Archive for June, 2018

Richard Garriott at The Moth

June 25th, 2018 8:06 AM
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What I love about The Moth storyslam is how relatable it is. Attendees throw their names in the hat for an opportunity to tell a true story from their own lives in which they feature as the protagonist. From falling in love to being lost to finding your way, the stories echo themes that resonate with their listeners, whether in a live audience or on the podcast.

But a select few Moth stories extend beyond the boundaries of everyday occurrences. The Moth Mainstage invites singers, actors, even astronauts to share their experiences — but these extraordinary lives still retain humble themes of humanity.

While I've come to expect the occasional mainstream celebrity to make an appearance at The Moth, I was surprised to find a superstar from our own niche Apple II community take the stage. As I queued the latest episode of The Moth podcast, a familiar name and voice were introduced: Richard Garriott, creator of the legendary role-playing game franchise Ultima.

In his story, "Reach For The Stars One Small Step At A Time", he reflects on how his perspective on the world changed as he grew up, from discovering a world beyond his neighborhood to one beyond the horizon, and the ensuing ambition that drove his career and his life.

As someone who's seen the documentary Man on a Mission: Richard Garriott's Road to the Stars, I still learned more about Garriott from this story: he was not a star academic student; he lost almost everything when the dot-com bubble burst; the vision issues that originally grounded him were part of the research he conducted in space.

I love how The Moth provides an outlet for us to be vulnerable. By sharing his weaknesses and how he overcame them, Richard Garriott spun a story that Apple II users and others can relate to.

Apple II animated GIF

June 18th, 2018 7:19 PM
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There are many efforts being made to capture the design and aesthetic of early modern computers. The Vanamo Online Game Museum produces high-resolution, public-domain photos of vintage hardware; Charles Mangin creates 3D-printed miniature replicas; and Steve Weyhrich adapted the Apple II into a Minecraft structure.

All these facsimiles are, for the most part, static: once produced, they don't move or change. James Ball pursued a more dynamic form of art with his recent online exhibit, "I am a computer". His medium of choice: the GIF.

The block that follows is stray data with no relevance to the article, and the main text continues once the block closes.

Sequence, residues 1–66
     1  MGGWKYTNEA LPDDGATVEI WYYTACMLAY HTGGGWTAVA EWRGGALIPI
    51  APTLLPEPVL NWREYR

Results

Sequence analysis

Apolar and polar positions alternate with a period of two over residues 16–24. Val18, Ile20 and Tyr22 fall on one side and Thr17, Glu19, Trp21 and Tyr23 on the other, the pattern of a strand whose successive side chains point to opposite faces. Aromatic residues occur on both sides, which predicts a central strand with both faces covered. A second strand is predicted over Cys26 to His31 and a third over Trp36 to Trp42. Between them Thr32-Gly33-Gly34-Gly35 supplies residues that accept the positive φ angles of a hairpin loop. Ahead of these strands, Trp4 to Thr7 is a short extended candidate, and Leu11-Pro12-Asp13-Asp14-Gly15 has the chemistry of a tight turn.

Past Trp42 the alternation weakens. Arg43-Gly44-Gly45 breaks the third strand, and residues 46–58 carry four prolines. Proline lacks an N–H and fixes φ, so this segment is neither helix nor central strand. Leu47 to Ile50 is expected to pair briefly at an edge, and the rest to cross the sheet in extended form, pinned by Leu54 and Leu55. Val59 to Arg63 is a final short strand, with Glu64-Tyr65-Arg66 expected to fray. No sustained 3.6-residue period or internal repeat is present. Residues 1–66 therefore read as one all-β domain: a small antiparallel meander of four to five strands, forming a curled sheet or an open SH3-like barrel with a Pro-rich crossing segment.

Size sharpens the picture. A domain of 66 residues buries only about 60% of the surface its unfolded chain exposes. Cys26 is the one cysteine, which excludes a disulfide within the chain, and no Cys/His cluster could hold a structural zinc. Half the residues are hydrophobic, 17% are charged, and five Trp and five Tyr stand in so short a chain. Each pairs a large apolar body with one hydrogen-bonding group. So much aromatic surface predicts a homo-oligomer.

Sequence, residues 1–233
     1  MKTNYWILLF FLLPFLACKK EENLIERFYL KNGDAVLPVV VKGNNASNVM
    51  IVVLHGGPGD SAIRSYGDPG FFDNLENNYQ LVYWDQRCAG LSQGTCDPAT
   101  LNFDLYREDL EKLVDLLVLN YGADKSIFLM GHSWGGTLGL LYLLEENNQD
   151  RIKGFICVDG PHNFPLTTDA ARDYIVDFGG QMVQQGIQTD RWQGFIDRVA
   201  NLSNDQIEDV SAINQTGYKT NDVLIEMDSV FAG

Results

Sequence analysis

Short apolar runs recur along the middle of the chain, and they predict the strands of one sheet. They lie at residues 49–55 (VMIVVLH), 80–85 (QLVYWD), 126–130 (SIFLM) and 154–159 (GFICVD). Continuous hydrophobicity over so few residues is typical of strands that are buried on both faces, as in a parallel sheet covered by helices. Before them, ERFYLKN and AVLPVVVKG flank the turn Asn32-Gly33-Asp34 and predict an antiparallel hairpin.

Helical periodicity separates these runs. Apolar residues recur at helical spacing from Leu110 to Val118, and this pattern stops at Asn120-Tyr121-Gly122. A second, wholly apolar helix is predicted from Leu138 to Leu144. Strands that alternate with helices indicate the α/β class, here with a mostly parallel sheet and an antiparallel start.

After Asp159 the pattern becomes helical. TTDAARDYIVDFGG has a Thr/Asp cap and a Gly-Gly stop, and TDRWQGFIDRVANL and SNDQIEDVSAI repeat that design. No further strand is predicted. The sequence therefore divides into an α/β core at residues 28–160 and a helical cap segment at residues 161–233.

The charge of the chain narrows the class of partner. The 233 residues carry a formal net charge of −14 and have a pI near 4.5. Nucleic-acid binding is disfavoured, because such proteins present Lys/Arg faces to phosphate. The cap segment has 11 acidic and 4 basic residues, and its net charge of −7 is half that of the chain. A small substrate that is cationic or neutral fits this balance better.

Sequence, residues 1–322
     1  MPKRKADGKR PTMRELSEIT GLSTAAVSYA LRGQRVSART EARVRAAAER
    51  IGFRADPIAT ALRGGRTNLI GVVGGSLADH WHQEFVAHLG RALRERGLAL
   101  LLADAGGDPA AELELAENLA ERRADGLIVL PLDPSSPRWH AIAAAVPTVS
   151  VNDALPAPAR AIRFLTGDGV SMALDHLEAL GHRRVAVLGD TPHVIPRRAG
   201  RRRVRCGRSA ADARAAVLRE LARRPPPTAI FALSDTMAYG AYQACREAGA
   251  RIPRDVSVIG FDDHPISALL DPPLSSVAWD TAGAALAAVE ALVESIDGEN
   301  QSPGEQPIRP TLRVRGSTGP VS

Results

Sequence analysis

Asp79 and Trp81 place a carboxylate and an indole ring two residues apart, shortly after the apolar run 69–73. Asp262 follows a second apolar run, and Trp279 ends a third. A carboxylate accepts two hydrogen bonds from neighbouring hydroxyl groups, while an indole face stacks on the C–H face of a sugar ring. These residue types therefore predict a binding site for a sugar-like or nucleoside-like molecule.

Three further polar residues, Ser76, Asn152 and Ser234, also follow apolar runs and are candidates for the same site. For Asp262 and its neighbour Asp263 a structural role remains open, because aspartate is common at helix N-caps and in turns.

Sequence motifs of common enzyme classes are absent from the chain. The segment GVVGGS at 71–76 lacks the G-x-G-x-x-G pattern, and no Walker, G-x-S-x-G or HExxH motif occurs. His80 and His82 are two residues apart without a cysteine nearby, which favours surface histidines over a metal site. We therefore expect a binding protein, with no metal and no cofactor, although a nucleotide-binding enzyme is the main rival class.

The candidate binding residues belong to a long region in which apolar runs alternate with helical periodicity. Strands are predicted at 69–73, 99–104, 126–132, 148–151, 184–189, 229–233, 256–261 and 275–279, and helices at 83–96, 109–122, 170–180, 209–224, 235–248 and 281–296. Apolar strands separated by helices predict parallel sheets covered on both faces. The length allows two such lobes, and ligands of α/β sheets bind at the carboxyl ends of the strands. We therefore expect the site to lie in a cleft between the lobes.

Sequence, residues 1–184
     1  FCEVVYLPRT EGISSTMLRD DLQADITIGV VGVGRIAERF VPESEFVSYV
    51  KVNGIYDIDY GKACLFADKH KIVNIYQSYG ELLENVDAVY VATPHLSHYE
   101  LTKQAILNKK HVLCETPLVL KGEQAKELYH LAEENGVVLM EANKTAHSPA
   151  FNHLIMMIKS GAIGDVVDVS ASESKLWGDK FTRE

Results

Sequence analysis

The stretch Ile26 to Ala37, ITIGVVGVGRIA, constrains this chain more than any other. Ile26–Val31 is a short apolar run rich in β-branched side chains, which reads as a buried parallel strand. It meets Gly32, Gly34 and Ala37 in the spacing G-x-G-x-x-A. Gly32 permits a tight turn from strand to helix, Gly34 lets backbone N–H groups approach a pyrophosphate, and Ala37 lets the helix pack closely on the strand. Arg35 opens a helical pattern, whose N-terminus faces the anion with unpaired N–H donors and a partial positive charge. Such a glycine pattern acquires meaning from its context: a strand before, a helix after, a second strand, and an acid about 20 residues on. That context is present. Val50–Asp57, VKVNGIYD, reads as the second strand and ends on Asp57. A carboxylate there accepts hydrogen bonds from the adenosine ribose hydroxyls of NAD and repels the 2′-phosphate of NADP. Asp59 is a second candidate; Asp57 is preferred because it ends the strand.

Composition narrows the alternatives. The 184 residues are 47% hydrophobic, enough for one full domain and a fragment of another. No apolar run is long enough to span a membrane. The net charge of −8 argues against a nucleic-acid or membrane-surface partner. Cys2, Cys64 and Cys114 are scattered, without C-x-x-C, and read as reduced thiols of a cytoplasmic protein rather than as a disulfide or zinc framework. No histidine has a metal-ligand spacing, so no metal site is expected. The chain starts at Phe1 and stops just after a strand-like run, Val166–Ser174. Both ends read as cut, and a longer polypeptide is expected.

Like Vanamo, Mangin, and Weyhrich, Ball began with a physical models by photographing sixteen computers at the National Museum of Computing at Bletchley Park. He then adapted those photos into his own stylized, animated art.

Animated GIF - Find & Share on GIPHY

Wrote Ball:

'I am a computer' celebrates the visual character of desktop computing machines from a colourless period in industrial design.

From word processors and video terminals, to the very first desktop personal computers, these compact machines heralded a beige age, a period of microcomputing from the the 1970s and early 80s when design standards had conformed to realise a palette of neutral coloured machines throughout offices and later the home.

Any new way to depict an old computer is a welcome one. My thanks to Ball for including the Apple II in his gallery!

(Hat tip to Matthew Gault)

Ready Player One's Richard Garriott inspiration

June 11th, 2018 1:01 PM
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Ready Player One was my favorite novel of 2011, providing a dystopian cyberpunk adventure targeted at geeks who grew up immersed in 1980s pop culture. I've since recognized the book's problematic elements with gatekeeping, transphobia, and fan service without substance … yet I still can't help but be fascinated by all the elements author Ernest Cline wove into his narrative.